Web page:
Public CMS databases allow geographic glimpses of imaging use

Public data made available by the Centers for Medicare and Medicaid Services (CMS) paints an informative picture of the wide variation in imaging utilization across the country.

According to a study published online Feb. 5 in Radiology, authored by Ivan K. Ip, MD, MPH, with Brigham and Women’s Hospital in Boston, and colleagues, this information can be helpful in assisting imaging quality improvement initiatives.

In their research, they sought to examine geographic trends in providers’ use of diagnostic imaging (specifically CT and MRI) to identify targets for quality improvement initiatives for imaging referral in various hospital referral regions (HRR).

Using two CMS datasets, which became available to the public in April 2014, the authors found all claims for beneficiaries enrolled in Medicare’s fee-for-service program and selected those who had undergone an imaging procedure. The researchers assessed the provider’s use of imaging for each HRR and created an imaging referral index (IRI) across HRRs.

For 34 million Medicare beneficiaries in 2012, there were a combined 124 million unique diagnostic imaging services that totaled an estimated $5.6 billion.

They found that CT utilization intensity ranged from 330.4 studies per 1,000 beneficiaries to 684.0. For MRI, the numbers ranged from 105.7 studies per 1,000 to 256.3. According to the authors, head CT and lumbar spine MRI were the most common imaging exams performed in the cohort.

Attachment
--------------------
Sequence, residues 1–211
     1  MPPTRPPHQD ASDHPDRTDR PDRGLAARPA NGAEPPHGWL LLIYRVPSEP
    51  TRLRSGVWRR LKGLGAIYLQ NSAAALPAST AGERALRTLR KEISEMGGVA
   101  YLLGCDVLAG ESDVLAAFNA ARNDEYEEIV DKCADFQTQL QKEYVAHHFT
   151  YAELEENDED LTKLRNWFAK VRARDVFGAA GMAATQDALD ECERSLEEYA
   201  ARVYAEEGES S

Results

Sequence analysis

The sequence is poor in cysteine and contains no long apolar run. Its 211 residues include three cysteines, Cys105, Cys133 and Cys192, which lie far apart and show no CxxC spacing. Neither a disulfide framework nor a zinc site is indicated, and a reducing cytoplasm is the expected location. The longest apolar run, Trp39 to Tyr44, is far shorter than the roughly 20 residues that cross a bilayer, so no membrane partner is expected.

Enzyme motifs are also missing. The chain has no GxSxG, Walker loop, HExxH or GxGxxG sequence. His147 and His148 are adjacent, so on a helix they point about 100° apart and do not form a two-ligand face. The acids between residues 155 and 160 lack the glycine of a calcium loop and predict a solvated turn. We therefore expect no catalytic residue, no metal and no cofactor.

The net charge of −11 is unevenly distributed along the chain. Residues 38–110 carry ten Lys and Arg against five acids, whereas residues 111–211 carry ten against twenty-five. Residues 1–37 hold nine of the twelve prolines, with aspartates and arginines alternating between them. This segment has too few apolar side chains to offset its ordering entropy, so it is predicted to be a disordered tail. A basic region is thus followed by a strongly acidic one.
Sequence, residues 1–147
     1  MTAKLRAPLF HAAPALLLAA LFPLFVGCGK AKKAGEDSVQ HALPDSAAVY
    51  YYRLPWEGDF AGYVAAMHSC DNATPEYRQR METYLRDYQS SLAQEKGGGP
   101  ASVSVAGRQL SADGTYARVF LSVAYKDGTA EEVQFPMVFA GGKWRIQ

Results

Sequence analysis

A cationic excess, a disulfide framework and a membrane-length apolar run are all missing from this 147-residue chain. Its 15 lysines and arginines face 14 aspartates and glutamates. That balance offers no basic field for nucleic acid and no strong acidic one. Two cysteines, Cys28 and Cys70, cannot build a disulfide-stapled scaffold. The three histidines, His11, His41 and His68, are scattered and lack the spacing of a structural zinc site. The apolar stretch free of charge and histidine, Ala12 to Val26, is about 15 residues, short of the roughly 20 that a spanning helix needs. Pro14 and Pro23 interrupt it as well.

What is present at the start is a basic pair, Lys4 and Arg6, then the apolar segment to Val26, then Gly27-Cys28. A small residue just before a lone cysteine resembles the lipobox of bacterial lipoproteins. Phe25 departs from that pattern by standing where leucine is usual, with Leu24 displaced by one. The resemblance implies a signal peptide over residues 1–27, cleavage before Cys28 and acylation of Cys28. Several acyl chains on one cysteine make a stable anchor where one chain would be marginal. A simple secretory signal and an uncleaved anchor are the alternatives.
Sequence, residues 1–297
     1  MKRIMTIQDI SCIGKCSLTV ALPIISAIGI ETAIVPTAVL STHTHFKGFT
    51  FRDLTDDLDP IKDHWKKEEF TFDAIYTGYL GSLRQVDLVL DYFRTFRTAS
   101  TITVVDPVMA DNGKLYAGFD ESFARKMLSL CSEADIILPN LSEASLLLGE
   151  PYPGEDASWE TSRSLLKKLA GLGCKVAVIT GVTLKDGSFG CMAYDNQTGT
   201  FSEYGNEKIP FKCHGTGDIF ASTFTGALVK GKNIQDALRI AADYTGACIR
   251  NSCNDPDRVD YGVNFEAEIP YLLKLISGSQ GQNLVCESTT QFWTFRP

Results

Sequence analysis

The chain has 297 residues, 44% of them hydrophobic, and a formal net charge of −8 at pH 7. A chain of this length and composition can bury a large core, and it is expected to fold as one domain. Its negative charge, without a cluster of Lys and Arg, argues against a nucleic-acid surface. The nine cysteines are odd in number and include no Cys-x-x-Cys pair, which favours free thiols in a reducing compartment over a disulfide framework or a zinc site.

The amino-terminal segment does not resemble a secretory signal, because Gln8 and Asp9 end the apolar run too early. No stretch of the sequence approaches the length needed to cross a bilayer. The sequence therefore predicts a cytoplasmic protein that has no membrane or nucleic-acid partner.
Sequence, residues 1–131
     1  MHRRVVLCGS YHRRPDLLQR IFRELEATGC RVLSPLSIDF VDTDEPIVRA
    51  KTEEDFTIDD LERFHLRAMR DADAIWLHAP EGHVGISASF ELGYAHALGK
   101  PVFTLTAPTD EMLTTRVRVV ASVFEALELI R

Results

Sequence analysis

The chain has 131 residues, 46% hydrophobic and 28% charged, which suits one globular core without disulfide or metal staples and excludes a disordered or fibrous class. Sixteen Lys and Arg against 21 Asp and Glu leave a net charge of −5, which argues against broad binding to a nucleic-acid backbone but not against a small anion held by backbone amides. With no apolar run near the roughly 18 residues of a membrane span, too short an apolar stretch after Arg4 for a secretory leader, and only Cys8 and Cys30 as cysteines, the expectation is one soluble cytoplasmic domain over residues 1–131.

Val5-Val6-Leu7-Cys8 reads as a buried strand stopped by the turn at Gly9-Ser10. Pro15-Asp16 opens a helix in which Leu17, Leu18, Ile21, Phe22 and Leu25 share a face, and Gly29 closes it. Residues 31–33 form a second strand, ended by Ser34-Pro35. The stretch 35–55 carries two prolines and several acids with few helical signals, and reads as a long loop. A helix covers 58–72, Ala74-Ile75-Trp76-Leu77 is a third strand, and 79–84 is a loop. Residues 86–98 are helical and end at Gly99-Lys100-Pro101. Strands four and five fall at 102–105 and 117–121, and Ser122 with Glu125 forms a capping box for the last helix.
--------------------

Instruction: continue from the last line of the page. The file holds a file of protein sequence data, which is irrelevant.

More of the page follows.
High-impact HRRs for CT, which fall into the highest deciles for both adjusted intensity and payment, included Baltimore and Jacksonville, Fla. There were 11 high-impact HRRs for MRI: Fort Myers, Fort Lauderdale, Orlando, and Jacksonville, Fla; Dallas; Palm Springs–Rancho Mirage, Calif; Las Vegas; Washington, DC; New Brunswick, N.J.; East Long Island, N.Y.; and Phoenix.

Ip and colleagues noted that previous studies have focused on utilization of imaging performed on patients who resided in a region and did not take into account where the exams were performed.

“However, because many interventions to optimize imaging use focus on providers, it is necessary to identify regional variation in providers’ use of imaging to identify potential targets for performance improvement initiatives,” the authors wrote.

In studying patient referral patterns across HRRs, the study team found substantial regional variation in provider’s use and payment of diagnostic CT and MRI procedures and believe that wide variations across HRRs provide opportunities for future outcome or comparative effectiveness research for clinical scenarios.

“Although national campaigns and federal policy changes may enable broad system-level improvement, our results suggest that more targeted interventions, focusing on providers that order and/or perform the most common procedures in the highest impact regions, may more efficiently promote needed change,” Ip and team concluded.

They urged policymakers to consider more targeted intervention campaigns that may prove both more cost-efficient and more effective than what the authors called “one-size fits all national campaigns” to reduce waste and improve medical imaging quality.